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Wednesday, 13 September 2017
Page: 7224


Senator SMITH (Western AustraliaDeputy Government Whip in the Senate) (19:12): On behalf of the Parliamentary Joint Committee on Human Rights, I present the 10th report of 2017—Human rights scrutiny report.

Ordered that the report be printed.

Senator SMITH: I seek leave to have the tabling statement incorporated into Hansard.

Leave granted.

The statement read as follows—

I rise to speak to the tabling of the Parliamentary Joint Committee on Human Rights' Human Rights Scrutiny Report 10 of 2017.

The committee examines the compatibility of recent bills and legislative instruments with Australia's obligations under international human rights law.

In performing its scrutiny function, the committee may play an important role in enhancing understanding of, and respect for, human rights in Australia as well as ensuring appropriate consideration of human rights issues in legislative and policy development. In my view, the committee is well placed to take on a crucial leadership role in the consideration and oversight of human rights matters. To this end, the committee recently had a very productive meeting with the new President of the Australian Human Rights Commission, Professor Rosalind Croucher, and a number of areas of interest were discussed.

Turning to the committee's current report, the majority of new bills considered - eleven - were assessed as either promoting human rights, permissibly limiting human rights or not engaging human rights. There are also two matters in respect of which the committee is seeking further information from the relevant minister in relation to human rights compatibility.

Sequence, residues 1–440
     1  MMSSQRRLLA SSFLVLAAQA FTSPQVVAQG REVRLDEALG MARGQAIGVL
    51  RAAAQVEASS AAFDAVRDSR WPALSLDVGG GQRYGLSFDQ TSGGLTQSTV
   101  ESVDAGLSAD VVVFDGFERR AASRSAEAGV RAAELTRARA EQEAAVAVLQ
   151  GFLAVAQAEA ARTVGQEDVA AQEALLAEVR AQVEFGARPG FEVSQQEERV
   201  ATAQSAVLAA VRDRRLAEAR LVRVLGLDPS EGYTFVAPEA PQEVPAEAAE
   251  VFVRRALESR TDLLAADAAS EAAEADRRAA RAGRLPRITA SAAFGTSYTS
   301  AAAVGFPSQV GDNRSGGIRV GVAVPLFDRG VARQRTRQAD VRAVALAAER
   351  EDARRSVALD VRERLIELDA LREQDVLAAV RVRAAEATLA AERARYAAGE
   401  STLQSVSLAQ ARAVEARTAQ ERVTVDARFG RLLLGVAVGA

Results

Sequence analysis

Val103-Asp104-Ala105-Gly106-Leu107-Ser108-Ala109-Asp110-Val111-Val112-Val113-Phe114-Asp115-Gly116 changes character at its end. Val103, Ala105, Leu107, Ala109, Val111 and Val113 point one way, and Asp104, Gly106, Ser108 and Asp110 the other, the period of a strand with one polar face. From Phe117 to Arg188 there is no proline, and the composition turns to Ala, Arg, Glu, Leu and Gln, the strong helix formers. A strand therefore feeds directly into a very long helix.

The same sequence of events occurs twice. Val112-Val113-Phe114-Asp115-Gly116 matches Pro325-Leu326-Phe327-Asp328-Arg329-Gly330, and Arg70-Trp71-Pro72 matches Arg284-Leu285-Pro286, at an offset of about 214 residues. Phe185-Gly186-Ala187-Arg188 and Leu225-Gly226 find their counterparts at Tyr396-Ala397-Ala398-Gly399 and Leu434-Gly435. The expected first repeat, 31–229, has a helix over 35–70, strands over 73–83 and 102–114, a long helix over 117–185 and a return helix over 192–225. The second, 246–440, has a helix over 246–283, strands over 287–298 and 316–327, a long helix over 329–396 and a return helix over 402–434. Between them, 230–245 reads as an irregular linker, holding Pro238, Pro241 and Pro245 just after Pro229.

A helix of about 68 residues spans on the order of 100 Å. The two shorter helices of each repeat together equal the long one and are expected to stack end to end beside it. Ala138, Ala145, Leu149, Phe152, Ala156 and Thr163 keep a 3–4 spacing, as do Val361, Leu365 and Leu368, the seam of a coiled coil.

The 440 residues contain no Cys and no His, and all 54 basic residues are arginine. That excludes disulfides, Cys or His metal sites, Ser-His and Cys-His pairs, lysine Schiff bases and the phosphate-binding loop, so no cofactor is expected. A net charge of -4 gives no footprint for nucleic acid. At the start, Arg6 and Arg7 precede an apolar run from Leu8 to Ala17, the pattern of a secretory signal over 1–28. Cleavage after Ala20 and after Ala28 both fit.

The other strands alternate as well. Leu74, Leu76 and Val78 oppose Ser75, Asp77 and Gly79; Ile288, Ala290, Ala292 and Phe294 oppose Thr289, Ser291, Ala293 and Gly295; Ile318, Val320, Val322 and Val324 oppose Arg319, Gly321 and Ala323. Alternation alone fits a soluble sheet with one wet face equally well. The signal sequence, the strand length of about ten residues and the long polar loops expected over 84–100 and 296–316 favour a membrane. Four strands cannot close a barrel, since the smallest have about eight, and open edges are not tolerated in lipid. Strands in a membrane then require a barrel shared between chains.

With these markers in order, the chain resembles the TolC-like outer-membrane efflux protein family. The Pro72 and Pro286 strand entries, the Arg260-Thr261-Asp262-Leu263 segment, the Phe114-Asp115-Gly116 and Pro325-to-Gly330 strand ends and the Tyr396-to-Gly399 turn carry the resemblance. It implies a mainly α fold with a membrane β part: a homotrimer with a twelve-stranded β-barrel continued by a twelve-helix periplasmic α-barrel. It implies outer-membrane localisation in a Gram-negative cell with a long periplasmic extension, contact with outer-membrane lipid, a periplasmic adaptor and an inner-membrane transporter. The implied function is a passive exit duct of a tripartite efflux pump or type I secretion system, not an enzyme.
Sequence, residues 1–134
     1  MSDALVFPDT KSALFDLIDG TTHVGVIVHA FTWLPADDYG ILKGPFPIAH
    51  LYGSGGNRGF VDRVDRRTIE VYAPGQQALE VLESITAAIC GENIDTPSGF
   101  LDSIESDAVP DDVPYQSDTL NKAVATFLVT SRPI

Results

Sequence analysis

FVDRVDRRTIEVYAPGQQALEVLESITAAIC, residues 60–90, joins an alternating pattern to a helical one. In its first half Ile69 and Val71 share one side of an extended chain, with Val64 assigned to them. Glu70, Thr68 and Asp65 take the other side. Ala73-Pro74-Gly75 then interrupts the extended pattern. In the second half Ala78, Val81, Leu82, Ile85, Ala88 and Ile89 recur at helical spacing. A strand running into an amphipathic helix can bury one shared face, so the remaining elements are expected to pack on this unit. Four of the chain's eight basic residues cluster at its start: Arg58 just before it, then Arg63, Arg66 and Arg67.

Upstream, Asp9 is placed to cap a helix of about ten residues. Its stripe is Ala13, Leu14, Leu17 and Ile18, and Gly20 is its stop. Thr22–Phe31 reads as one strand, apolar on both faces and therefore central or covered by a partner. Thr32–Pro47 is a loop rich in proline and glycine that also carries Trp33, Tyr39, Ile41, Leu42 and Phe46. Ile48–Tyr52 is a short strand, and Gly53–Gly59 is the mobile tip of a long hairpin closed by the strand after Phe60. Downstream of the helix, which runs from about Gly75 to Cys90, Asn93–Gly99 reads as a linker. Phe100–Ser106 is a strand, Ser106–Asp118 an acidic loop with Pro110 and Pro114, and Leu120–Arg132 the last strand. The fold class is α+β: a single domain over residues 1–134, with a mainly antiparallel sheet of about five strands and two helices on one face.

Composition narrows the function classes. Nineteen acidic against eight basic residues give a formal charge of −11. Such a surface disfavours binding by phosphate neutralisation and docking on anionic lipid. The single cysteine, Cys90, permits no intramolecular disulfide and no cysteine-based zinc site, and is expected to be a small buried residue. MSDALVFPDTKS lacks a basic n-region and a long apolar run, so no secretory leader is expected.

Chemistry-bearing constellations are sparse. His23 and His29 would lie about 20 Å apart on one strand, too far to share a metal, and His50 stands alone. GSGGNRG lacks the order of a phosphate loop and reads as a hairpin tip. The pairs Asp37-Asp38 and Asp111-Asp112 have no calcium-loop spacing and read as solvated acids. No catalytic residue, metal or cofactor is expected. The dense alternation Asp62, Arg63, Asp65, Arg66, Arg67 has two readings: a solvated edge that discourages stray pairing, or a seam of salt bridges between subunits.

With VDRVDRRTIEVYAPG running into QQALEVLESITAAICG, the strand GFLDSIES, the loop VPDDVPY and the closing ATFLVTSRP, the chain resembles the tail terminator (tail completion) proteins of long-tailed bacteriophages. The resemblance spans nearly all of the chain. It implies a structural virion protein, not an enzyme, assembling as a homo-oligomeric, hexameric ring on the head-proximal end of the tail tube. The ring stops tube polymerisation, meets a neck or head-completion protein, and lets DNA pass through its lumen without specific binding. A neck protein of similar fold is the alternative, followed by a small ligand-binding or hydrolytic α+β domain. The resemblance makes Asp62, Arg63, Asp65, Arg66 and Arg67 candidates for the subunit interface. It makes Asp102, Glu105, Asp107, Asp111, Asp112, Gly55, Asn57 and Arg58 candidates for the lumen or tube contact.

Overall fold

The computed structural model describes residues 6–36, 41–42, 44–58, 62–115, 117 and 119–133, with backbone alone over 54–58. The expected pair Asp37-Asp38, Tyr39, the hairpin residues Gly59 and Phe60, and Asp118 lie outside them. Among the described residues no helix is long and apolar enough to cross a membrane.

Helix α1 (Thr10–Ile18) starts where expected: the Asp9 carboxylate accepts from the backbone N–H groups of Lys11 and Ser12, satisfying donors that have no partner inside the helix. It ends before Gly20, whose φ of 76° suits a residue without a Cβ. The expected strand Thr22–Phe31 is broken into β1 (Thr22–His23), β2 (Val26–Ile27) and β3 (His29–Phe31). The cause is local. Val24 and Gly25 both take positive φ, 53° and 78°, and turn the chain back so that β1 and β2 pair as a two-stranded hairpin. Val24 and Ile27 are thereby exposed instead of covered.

The report also contains the committee's concluded examination of a number of pieces of legislation including the:

Australian Citizenship Legislation Amendment (Strengthening the Requirements for Australian Citizenship and Other Measures) Bill 2017

Passports Legislation Amendment (Overseas Travel by Child Sex Offenders) Bill 2017

Social Services Legislation Amendment (Payment Integrity) Bill 2017

Social Services Legislation Amendment (Better Targeting Student Payments) Bill 2017

In relation to the Social Services Legislation Amendment (Payment Integrity) Bill 2017, the committee initially raised concerns about the compatibility of measures in this bill with the right to social security, the right to an adequate standard of living and the right to equality and non-discrimination. However, following correspondence with the minister and the provision of further information, the committee has concluded that these measures are likely to be compatible with human rights. This was on the basis of the existence of safeguards which appear designed to assist to ensure that the most vulnerable will continue to have access to social security payments to meet basic necessities in a range of circumstances.

I encourage my fellow senators and others to examine the report to enhance their understanding of the committee's work.

With these comments, I commend the committee's Report 10 of 2017 to the Senate.